Ace of Diamonds - important message, or a valuable gift
When I first heard him play I just wanted it to stop - I hated it it, I didn't understand it, it seemed like an invasion. When I first met Craig Lieske we shared a practice space, for a while we shared drummers as well. Vaudeville would have our two hour beer soaked practice of songs with a heavy downbeat and structure, then our drummer and Craig would play this wacked out noise that I couldn't stand - it was disturbing my drunk.
Years later I managed the Flicker Theatre and Bar and Craig was a part of the experimental scene happening there. He often played or help organize shows there, some of the most adventurous music I have ever heard in Athens. Sometime between 1994 (when I first heard Craig play) and 2001 something changed in me - my ears and brain had opened to the idea of improv, the idea of going out to parts unknown and either failing or succeeding, didn't matter - that wasn't the point. The point was to try to find the magic stuff, and to go there bravely. Sometimes you catch lightning in a bottle, sometimes you flail blindly in the dark - that's the risk of trying to create something right before the audiences' eyes and ears. Craig taught me that. That was his valuable gift to me, and his important message to everyone who ever heard him play. Children play music, adults practice music. If you are lucky you learn to be a child again and open your ears and play and play and play.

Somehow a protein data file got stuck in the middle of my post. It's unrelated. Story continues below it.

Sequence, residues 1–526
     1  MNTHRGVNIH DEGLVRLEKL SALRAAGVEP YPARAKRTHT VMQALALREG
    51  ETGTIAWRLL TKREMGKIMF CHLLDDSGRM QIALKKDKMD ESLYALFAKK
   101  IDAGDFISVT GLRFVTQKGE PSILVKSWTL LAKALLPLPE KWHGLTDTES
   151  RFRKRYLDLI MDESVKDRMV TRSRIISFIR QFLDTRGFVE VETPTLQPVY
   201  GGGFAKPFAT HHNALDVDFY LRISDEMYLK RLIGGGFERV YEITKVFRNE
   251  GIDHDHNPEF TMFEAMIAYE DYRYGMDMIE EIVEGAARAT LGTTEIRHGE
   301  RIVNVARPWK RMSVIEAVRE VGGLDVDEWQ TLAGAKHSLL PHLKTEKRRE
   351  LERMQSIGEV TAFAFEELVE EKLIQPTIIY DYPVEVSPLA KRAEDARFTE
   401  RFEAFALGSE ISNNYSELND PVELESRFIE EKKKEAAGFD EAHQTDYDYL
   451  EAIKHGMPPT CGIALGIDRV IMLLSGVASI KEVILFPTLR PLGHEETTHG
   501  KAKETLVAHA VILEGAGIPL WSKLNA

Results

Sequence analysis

Rest in peace Craig, or in some atonal netherworld full of noise and feedback.